or, Divine Revelation Evidently Done by Internal Polling and Focus Groups
The Seattle Post-Intelligencer reports that leadership of the Church of Jesus Christ of Latter-Day Saints have launched a website and program to encourage LDS members to be compassionate when discussing homosexuality with homosexuals. From the website:
This website is a collection of conversations; conversations with Church leaders, conversations with Church members who are attracted to people of the same sex, and conversations with the loved ones of gay spouses, children, or grandchildren who are dealing with the effects of same-sex attraction in their own lives. These conversations are not always easy to have. They deal with love and acceptance, sin and morality, aspirations and despair. Those who speak from the heart on this website do not necessarily represent in every word or detail the policies or positions of The Church of Jesus Christ of Latter-day Saints, but all of them speak with authenticity because they reflect what has happened in their own lives and the experiences of those they love. The Church leaders featured here reflect the sentiments and teachings of the highest Church authorities — the First Presidency and the Quorum of Twelve Apostles.
First, it is important to reiterate what LDS leaders consider to be “the highest Church authorities” — themselves. Lutherans might be tempted to ask the question: “What changed?” That would make sense; Lutheranism is defined by a set of beliefs rather than a common cultural heritage or being under one certain bishop or another. But for the LDS, who holds that their god continues promulgating new doctrine through LDS leadership, the answer must be that [their] god changed.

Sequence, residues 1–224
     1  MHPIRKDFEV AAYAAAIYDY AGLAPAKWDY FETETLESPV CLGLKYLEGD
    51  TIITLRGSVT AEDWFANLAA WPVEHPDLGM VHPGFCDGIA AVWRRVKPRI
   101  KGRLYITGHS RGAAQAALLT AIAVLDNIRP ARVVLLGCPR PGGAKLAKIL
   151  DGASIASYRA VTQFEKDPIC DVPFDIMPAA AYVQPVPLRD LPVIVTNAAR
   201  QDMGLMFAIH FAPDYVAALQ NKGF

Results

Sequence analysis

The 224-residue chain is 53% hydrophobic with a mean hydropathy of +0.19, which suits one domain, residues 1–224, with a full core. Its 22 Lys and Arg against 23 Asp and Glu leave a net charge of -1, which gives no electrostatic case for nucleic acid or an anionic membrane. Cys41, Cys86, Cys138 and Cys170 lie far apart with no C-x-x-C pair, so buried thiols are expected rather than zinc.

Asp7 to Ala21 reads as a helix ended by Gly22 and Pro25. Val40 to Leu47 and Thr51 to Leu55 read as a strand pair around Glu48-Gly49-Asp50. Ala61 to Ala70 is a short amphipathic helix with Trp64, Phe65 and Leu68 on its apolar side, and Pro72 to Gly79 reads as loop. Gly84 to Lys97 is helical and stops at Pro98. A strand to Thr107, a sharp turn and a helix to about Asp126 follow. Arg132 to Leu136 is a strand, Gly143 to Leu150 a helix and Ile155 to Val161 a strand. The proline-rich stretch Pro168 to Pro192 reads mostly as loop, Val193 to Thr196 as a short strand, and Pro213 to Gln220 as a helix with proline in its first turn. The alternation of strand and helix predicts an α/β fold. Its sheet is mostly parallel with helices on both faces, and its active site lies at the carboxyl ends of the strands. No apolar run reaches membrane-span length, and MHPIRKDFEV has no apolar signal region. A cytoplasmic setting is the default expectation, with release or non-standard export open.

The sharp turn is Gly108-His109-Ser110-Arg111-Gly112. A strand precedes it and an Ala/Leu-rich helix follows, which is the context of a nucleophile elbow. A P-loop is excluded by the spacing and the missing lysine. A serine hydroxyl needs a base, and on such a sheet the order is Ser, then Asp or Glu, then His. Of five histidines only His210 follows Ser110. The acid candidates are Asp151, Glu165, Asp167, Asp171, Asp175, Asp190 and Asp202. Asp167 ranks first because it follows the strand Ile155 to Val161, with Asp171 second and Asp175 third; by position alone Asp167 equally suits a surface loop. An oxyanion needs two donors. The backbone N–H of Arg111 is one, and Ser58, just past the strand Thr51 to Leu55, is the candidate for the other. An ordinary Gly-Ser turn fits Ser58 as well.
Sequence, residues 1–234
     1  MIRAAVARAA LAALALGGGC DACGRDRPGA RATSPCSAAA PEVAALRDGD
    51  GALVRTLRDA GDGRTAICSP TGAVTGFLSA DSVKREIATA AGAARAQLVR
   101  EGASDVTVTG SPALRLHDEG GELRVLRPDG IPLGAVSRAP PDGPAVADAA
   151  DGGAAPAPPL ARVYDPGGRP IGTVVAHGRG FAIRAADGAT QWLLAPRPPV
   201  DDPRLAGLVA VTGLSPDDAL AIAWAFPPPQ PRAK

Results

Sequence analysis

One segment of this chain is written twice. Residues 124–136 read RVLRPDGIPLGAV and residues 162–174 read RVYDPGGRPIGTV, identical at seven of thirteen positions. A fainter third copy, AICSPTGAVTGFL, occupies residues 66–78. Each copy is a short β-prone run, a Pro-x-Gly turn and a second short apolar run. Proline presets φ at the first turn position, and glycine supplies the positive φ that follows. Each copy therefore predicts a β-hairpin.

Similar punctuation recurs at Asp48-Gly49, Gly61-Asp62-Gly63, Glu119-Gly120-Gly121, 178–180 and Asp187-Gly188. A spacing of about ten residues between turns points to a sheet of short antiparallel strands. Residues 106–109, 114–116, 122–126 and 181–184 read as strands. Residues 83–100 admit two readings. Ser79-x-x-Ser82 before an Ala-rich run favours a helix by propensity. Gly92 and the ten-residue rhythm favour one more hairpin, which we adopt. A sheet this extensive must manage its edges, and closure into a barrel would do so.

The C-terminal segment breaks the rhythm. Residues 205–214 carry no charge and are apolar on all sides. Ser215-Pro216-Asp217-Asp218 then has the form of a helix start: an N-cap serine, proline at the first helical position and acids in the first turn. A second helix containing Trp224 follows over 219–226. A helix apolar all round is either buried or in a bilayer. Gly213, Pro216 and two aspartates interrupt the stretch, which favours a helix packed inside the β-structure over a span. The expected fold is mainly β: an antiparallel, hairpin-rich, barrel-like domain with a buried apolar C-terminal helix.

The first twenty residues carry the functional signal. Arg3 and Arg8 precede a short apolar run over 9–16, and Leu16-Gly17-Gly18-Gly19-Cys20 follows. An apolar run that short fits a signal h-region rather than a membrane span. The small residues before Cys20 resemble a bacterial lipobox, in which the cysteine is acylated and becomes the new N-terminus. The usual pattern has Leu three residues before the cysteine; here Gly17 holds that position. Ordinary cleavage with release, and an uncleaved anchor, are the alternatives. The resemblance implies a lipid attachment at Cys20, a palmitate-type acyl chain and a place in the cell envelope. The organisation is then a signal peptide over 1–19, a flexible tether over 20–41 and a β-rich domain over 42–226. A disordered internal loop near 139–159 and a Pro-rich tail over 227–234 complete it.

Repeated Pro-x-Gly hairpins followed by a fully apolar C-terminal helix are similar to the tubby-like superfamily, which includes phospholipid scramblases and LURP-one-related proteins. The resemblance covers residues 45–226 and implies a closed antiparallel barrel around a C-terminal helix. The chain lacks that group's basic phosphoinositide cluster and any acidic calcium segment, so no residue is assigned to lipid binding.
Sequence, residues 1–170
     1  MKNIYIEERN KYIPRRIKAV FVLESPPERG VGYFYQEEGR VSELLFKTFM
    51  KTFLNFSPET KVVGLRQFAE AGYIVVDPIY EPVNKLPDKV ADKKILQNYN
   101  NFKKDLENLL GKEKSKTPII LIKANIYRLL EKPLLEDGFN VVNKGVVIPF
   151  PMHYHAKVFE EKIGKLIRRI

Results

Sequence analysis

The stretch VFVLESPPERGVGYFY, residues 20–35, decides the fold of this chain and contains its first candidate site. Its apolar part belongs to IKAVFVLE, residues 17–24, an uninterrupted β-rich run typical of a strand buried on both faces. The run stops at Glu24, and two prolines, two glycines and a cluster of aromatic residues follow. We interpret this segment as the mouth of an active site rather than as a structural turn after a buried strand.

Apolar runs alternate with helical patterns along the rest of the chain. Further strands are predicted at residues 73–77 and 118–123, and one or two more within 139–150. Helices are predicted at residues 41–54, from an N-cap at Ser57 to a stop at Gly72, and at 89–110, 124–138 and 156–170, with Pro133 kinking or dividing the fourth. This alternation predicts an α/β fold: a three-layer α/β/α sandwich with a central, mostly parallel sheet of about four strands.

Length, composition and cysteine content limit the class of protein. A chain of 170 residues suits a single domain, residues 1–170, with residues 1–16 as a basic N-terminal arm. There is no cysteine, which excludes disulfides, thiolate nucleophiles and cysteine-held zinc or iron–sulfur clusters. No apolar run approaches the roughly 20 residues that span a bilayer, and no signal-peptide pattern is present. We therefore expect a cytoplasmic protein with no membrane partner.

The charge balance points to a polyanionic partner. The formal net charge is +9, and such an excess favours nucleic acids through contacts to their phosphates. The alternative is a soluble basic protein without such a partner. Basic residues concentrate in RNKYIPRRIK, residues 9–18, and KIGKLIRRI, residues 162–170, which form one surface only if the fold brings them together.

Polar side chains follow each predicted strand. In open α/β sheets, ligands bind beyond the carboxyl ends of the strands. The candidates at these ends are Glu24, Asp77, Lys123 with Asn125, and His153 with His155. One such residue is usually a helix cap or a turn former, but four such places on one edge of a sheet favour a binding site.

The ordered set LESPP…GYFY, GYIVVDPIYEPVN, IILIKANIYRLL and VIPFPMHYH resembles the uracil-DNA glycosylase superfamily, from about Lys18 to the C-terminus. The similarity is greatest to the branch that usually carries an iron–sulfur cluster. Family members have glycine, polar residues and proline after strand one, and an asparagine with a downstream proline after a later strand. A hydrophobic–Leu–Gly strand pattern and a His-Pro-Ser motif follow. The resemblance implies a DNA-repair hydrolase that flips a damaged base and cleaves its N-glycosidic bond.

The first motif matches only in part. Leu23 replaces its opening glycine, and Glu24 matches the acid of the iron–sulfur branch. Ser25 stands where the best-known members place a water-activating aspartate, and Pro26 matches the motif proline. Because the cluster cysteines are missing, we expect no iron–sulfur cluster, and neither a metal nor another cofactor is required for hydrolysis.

But setting the issue of continuous revelation aside, pay close attention to the language being used here. There a lot of “conversations,” for one. Next, the issue of the morality, the right-or-wrongness of homosexuality is downplayed in favor of “These conversations are not always easy to have.” This is really the language of psychotherapy, where morality is really not discussed so much as how an experience makes one feel. Interestingly enough, this has been the language of the pro-homosexuality side for decades. For example, one isn’t opposed to homosexuality on societal or moral grounds, he is “homophobic” — implying that a position against homosexuality is not merely unpopular or incorrect, but is a mental disease which is not to be tolerated and may be treated with medication.
To be fair, we Christians (and for the record, Mormons are not Christians — don’t ask me, ask Joseph Smith) ought to address these questions with homosexuals in a way that is not self-righteous, and does not make homosexuality the unforgiveable sin. However, it is important for Christians to know what Scripture clearly teaches and be able to present it in a clear way that leaves no room for interpretation where God has clearly spoken.
The LDS used to pride (no pun intended) itself on its staunch defense of family values, even branding itself as an organization which is about the promotion and defense of the family institution. So some questions linger: What did cause the change (I am rejecting out-of-hand the divine revelation which will no doubt be claimed)? Was it Mitt Romney’s loss as Presidential candidate? Why does the LDS all of a sudden care about being in step with culture? Or does it? During the Civil Rights era, the LDS changed its teaching on race — specifically, in 1978 a “revelation” was given to LDS president Spencer Kimball that permitted black men to undergo ordination to the lay priesthood. So why right now?